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NCJ Number: 168350 Find in a Library
Title: Criminal Justice Systems Facing the Challenge of Organized Crime: Section I, General Part
Journal: International Review of Penal Law  Dated:(3rd and 4th Trimesters 1996)  Pages:555-561
Author(s): T Weigend
Date Published: 1996
Page Count: 7
Type: Legislation/Policy Analysis
Format: Article
Language: English
Country: France
Annotation: Organized crime and other group crimes are examined with respect to the theoretical and practical legal issues they raise related to the allocation of individual criminal responsibility, the appropriateness of punishing an organization for the wrongdoing of its leaders or members, and the nature of adequate and effective penalties.
Abstract: Collective wrongdoing takes two forms: wrongdoing by organizations with exclusively or predominantly criminal objectives and occasional offenses such as environmental offenses or unfair trade practices by legitimate organizations. Several characteristics of groups and organizations make it difficult to attribute individual responsibility for criminal wrongdoing. The main doctrinal tools for addressing an organized lack of responsibility are broad definitions of perpetration, criminal liability for omissions, accessorial liability, and liability for conspiracy. In addition, many legal systems have defined belonging to a criminal gang or group as a per se offense, independent of any offense committed to further the group's objectives. Among issues related to sanctions are whether sanctions should differ in kind from those imposed on individuals, whether civil sanctions should be used instead of or in addition to criminal sanctions, and who or what entity should incur the sanctions. Finally, further discussions and the experience of many legal systems will help determine whether the criminal law can or must respond to organized crime by establishing a special set of prohibitions and sanctions.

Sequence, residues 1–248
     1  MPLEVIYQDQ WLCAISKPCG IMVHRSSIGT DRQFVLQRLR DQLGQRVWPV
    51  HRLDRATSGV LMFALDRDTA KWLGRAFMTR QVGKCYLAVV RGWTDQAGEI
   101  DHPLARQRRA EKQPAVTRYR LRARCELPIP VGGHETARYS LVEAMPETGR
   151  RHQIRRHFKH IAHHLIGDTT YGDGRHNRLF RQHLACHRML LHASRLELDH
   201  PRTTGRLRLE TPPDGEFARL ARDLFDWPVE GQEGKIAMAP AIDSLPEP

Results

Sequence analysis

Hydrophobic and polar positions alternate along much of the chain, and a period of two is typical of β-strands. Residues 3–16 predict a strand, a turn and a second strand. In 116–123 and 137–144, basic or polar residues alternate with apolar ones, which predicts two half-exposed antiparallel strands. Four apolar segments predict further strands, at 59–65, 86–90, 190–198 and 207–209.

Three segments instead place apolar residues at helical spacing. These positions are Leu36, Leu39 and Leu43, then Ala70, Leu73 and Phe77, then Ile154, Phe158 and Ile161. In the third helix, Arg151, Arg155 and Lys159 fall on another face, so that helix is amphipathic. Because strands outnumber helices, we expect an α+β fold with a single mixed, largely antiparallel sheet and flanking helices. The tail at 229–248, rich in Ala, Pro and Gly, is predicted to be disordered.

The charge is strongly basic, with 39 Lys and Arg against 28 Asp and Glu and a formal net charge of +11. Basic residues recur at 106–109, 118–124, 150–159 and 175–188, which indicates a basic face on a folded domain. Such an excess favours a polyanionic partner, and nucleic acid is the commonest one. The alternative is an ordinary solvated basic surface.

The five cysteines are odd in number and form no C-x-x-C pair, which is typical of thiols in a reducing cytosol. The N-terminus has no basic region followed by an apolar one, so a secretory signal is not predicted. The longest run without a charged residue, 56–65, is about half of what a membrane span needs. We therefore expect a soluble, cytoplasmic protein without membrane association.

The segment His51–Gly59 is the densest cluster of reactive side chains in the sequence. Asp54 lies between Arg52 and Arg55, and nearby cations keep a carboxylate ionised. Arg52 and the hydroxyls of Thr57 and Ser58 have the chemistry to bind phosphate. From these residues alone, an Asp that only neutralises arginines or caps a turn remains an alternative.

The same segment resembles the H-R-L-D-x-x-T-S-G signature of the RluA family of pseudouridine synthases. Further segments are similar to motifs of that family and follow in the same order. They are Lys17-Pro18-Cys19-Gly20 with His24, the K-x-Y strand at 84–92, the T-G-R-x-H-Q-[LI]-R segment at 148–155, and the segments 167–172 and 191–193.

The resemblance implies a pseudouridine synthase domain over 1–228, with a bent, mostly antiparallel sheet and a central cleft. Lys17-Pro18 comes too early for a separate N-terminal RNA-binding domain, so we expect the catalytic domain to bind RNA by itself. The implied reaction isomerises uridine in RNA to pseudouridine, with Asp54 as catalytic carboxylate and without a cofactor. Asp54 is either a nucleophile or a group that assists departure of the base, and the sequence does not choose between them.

Main Term(s): Criminology
Index Term(s): Corporate crimes; Criminal responsibility; Organized crime
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http://www.ncjrs.gov/App/publications/abstract.aspx?ID=168350

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